Wisconsin Gov. Tony Evers last week signed a widely supported, yet also controversial, bill escalating penalties for trespassing on pipelines and other energy and water sites.
The Democrat on Wednesday signed AB 426, which passed with bipartisan support and was backed by business groups as well as labor unions whose members work in pipeline construction projects. Opponents of the bill included environmental and free-speech activists and Native American bands. The bill makes trespassing on energy and water infrastructure a felony subject to up to six years in prison and up to $10,000 in fines.
Business and union supporters of the legislation have contended that some protests on pipeline project sites have threatened worker safety and led to property damage. Opponents contend the legislation’s real purpose is to intimidate lawful, peaceful protesters.
The legislation includes language that says its penalties would not apply to a variety of legal acts, including union organizing, safety inspections, and otherwise “lawful” protests.
In a statement, Evers said the measure “aims to ensure each energy provider is treated the same under the law while still protecting the right to exercise free speech and the right to assembly.”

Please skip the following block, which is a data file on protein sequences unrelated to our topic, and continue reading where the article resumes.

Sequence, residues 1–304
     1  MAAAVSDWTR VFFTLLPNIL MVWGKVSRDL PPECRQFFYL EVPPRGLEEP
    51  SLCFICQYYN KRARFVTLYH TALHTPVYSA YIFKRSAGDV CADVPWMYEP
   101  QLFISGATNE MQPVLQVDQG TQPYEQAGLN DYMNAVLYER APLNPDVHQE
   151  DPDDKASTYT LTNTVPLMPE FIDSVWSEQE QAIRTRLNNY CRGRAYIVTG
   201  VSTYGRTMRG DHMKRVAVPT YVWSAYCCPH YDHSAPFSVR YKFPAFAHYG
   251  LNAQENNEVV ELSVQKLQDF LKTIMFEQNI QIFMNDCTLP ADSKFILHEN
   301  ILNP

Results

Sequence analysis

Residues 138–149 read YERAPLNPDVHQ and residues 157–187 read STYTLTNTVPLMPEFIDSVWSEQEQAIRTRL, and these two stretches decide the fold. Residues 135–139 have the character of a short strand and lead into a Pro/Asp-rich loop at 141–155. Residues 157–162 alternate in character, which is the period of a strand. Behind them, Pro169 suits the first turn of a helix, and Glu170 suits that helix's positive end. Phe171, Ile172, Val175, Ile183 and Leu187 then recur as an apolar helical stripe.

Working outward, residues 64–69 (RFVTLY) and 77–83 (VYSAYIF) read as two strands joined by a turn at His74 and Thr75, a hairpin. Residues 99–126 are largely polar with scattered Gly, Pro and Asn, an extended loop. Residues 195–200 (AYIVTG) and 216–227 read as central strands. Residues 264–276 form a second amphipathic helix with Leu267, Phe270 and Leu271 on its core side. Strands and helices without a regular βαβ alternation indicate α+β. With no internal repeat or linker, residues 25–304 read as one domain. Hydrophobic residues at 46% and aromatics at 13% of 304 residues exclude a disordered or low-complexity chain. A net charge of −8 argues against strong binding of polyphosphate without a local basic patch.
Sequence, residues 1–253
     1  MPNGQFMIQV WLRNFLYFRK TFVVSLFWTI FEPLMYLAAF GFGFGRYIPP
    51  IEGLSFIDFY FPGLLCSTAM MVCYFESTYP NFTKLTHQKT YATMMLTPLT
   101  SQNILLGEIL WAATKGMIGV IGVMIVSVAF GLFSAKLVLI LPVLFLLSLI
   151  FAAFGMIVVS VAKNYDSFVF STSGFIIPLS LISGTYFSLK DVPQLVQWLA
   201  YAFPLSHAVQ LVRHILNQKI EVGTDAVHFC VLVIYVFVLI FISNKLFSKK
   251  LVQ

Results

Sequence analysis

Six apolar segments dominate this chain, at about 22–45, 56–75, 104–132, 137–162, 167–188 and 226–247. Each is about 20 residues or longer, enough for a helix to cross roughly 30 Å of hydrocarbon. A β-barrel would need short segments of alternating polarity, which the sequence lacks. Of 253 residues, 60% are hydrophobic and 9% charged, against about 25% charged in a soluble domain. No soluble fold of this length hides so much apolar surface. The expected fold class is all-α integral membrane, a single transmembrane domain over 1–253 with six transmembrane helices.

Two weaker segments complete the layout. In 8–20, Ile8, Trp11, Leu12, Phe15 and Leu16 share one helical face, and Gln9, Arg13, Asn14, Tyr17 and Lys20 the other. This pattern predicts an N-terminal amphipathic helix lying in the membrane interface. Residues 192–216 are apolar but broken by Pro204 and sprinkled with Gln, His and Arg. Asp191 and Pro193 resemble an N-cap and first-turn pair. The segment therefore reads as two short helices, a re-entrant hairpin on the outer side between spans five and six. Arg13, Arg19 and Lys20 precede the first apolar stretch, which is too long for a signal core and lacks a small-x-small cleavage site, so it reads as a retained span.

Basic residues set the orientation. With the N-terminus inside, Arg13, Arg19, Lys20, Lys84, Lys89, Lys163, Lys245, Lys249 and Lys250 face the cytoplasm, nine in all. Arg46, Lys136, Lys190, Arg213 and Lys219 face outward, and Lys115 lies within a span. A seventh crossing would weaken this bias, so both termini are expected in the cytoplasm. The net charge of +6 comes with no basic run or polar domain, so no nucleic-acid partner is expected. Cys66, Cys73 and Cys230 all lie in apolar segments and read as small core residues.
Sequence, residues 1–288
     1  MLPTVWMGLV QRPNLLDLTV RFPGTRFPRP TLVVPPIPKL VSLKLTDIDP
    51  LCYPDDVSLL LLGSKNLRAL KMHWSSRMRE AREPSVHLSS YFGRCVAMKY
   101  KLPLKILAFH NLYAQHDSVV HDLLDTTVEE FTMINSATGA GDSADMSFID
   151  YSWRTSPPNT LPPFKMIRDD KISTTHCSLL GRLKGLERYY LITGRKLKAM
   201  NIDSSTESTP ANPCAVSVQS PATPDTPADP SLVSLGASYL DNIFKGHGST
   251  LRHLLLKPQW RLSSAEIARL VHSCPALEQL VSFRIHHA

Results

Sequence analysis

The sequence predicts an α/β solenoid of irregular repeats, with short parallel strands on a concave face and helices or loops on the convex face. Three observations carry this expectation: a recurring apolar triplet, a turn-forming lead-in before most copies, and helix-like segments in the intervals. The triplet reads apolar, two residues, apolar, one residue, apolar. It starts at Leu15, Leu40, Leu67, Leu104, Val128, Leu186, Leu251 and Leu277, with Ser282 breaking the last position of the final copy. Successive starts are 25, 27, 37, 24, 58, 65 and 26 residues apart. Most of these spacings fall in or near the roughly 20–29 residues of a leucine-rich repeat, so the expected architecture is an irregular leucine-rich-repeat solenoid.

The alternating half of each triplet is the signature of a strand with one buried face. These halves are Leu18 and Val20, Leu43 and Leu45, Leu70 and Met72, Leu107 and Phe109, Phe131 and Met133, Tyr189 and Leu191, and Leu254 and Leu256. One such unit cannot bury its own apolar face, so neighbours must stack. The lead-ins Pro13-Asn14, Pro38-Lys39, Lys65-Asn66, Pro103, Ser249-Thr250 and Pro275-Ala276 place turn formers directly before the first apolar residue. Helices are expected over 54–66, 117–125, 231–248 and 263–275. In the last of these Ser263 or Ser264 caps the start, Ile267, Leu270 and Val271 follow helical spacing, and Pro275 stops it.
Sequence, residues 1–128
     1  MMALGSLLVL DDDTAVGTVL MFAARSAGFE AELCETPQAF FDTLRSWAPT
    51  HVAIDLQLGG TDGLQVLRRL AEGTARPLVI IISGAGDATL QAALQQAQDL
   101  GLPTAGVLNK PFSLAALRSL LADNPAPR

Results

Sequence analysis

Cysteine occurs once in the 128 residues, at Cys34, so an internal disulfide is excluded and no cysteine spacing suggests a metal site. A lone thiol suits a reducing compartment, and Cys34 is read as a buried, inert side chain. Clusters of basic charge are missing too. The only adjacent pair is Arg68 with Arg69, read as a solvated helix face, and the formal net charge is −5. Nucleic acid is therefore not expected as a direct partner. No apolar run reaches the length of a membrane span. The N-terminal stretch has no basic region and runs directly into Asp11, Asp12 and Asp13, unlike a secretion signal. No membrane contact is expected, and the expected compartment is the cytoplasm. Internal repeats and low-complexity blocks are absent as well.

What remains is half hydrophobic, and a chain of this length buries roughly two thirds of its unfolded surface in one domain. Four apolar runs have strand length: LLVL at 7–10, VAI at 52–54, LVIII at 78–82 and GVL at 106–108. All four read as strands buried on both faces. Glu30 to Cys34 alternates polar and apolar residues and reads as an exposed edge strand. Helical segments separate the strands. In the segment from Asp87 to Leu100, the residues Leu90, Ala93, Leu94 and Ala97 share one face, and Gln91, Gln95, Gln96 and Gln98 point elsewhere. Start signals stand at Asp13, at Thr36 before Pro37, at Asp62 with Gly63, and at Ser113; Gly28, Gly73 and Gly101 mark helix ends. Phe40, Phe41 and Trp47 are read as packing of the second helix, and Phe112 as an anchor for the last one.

In his statement, he also asserted that “Tribal Nations deserve to have a voice in the policies and legislation that affect indigenous persons and our state,” and called on lawmakers to “engage in meaningful dialogue and consultation with Wisconsin’s Tribal Nations before developing and advancing policies that directly or indirectly affect our Tribal Nations and indigenous persons in Wisconsin.”
Reacting to the signing, American Civil Liberties Union (ACLU) of Wisconsin’s executive director Chris Ott stated the organization was “deeply disappointed” and vowed that the ACLU “will closely monitor the enforcement of this law and oppose any attempts to infringe on the freedom of speech or criminalize people for making their voices heard.”
The story first ran in the Advance’s sister outlet, the Wisconsin Examiner. Read the story here.